The proposal would extend the federal-local partnership program that President Barack Obama's administration began scaling back in 2012 to address complaints that it promoted racial profiling.

The 287(g) programme, which Trump included in his immigration executive order, gives local police, sheriff's deputies and state troopers the authority to assist in the detection of immigrants who are in the US illegally as a regular part of their law enforcement duties on the streets and in jails.

The draft memo also mentions other items included in Trump's executive order, including the hiring of an additional 5 000 border agents, which needs financing from Congress, and his campaign promise to build a wall between the US and Mexico.

The signed order contained no mention of the possible use of state National Guard troops.

According to the draft memo, the militarisation effort would be proactive, specifically empowering Guard troops to solely carry out immigration enforcement, not as an add-on the way local law enforcement is used in the programme.

Mainly used for natural disasters

Allowing Guard troops to operate inside non-border states also would go far beyond past deployments.

In addition to responding to natural or man-made disasters or for military protection of the population or critical infrastructure, state Guard forces have been used to assist with immigration-related tasks on the US-Mexico border, including the construction of fences.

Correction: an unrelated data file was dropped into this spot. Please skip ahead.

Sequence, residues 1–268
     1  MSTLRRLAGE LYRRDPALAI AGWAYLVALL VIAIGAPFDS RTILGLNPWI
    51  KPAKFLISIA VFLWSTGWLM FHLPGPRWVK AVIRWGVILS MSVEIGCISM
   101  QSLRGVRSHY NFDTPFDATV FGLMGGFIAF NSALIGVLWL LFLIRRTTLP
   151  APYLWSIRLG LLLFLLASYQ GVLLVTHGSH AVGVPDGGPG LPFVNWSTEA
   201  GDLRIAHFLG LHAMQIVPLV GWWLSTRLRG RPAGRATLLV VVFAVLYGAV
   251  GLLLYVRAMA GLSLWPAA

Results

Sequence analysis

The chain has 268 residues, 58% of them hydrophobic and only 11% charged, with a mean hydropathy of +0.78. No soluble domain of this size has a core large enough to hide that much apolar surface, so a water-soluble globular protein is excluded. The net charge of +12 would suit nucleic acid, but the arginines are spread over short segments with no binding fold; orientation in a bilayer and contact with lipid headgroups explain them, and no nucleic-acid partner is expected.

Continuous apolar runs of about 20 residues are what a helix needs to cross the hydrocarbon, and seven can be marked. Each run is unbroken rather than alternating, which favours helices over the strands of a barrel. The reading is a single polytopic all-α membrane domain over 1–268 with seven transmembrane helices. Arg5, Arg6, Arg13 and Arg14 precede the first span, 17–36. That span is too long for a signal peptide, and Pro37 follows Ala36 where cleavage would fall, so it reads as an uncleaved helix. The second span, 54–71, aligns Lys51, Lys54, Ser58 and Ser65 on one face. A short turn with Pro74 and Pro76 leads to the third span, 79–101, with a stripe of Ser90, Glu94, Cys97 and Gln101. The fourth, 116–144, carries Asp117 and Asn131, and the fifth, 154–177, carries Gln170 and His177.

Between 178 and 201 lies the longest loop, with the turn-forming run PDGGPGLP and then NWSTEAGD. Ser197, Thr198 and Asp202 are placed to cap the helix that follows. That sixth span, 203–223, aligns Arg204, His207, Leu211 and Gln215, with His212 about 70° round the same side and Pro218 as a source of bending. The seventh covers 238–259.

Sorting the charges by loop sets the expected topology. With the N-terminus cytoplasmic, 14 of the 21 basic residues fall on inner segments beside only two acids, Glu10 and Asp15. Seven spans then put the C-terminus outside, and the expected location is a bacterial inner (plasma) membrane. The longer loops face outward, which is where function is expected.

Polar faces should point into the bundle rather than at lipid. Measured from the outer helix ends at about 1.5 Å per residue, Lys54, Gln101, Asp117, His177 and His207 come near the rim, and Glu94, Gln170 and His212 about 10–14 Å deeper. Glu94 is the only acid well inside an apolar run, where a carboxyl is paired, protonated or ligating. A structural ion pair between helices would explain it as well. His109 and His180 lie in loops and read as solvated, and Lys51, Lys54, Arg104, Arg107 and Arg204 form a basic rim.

In the mid-2000s, President George W Bush twice deployed Guard troops on the border to focus on non-law enforcement duties to help augment the Border Patrol as it bolstered its ranks. 

And in 2010, then-Arizona Governor Jan Brewer announced a border security plan that included Guard reconnaissance, aerial patrolling and military exercises.

In July 2014, then-Texas Governor Rick Perry ordered 1 000 National Guard troops to the border when the surge of migrant children fleeing violence in Central America overwhelmed US officials responsible for their care. The Guard troops' stated role on the border at the time was to provide extra sets of eyes but not make arrests.

Deportations increased under Obama

Bush initiated the federal 287(g) programme — named for a section of a 1996 immigration law — to allow specially trained local law enforcement officials to participate in immigration enforcement on the streets and check whether people held in local jails were in the country illegally. ICE trained and certified roughly 1,600 officers to carry out those checks from 2006 to 2015.

The memo describes the programme as a "highly successful force multiplier" that identified more than 402 000 "removable aliens".

But federal watchdogs were critical of how DHS ran the programme, saying it was poorly supervised and provided insufficient training to officers, including on civil rights law. Obama phased out all the arrest power agreements in 2013 to instead focus on deporting recent border crossers and immigrants in the country illegally who posed a safety or national security threat.

Trump's immigration strategy emerges as detentions at the nation's southern border are down significantly from levels seen in the late 1990s and early 2000s. Last year, the arrest tally was the fifth-lowest since 1972. 

Deportations of people living in the US illegally also increased under the Obama administration, though Republicans criticised Obama for setting prosecution guidelines that spared some groups from the threat of deportation, including those brought to the US illegally as children.

Last week, ICE officers arrested more than 680 people around the country in what Kelly said were routine, targeted operations; advocates called the actions stepped-up enforcement under Trump.

Read more on:    donald trump  |  us  |  immigrants